In so doing our worthy legislators stand to undermine the right to life and livelihoods of more than a tenth of the population of our nation, who live in forest embedded ecologically enduring environments for the most part and subsist on these resources, as well as sustain these environments, even as they are increasingly threatened by the interventions of the modernizing mainstream economy. One would imagine that our law makers would respect the right of such communities to have a voice in the governance of their lives and resources; their systems of collective governance, extremely sophisticated in parts and rudimentary in others depending upon the complexity of the resource to be managed on the one hand and the heterogeneity of the community on the other, has been in practice for centuries through their customary forums. The structural shortcomings of gender exclusion in decision making of such forums has been addressed and corrected in the FRA. In circumventing the role of the communities altogether in the CAMPA Bill, and investing all authorities in the architecture of the FD, the message is clearly one of the domination of a state driven to harness/plunder the resources at the cost of the wellbeing of forest dwellers and the sustainability of their habitats. The creation of compensatory forests deny environmental services to the communities who have lived off the rich ecological biodiversity of their primary forest habitats, but these are seldom considered in the environmental approaches of the forest department. Communities depend on forest habitats for the sustenance of their material, cultural and symbolic and spiritual existence in environments that have nurtured their people for centuries in ecology of abundance, such that even today communities tell us that all that they wish to source from the outside is salt. This way of life of the Adivasis of a pragmatic subsistence ecological living, will in all likelihood be destroyed for the creation of developmental temples of modernity. Instead of viewing the merit of such practices and ecological systems as imperative to a long term solution of climate goals in our world, these practices and the knowledge thereof would in all probability be relegated to extinction or displaced to primitive obscurity.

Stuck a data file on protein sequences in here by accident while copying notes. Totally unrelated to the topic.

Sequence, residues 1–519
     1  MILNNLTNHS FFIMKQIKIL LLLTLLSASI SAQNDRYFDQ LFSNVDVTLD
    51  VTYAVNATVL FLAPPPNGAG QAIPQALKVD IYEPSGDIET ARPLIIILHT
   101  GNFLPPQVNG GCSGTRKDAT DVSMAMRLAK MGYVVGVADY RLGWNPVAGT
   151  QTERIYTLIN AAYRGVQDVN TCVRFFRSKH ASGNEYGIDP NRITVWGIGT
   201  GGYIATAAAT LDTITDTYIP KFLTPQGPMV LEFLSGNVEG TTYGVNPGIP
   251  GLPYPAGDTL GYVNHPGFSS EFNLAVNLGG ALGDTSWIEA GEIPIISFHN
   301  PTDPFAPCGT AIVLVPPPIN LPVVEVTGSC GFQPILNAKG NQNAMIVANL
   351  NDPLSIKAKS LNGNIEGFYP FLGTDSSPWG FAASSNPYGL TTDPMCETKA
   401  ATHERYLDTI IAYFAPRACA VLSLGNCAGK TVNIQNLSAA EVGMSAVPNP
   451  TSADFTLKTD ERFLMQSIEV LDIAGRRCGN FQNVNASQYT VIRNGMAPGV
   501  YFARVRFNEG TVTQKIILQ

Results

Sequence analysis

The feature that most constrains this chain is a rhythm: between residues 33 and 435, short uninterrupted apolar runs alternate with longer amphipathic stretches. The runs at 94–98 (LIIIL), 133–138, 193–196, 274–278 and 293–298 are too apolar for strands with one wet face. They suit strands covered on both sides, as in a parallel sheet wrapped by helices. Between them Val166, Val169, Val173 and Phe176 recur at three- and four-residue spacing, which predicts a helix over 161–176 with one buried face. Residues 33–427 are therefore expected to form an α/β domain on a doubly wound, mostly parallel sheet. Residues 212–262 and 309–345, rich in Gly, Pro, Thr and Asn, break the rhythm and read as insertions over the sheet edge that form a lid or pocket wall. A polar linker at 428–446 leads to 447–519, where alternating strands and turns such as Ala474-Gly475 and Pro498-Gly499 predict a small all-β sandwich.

In chapter II 6.d the CAMPA bill mentions that the Fund will be used to facilitate voluntary relocation from protected areas. This feature contradicts the provision of the FRA that there can be no relocation without the consent of the Gram Sabhas well as without first exploring possibility of co-existence of right holders. The CAMPA Bill needs to adhere to provisions of FRA act and rules including amended rules in order to uphold the principles of justice and democratic governance in the case of relocation of any community from their ancestral lands, we know that women are the worst impacted and the relocations should be avoided except in dire circumstances. In fact the bill needs to contain an overriding statement to the effect that it will be implemented within the framework of provision of FRA in order to safeguard livelihoods, ensure justice, promote equity and safeguards rights of forest communities.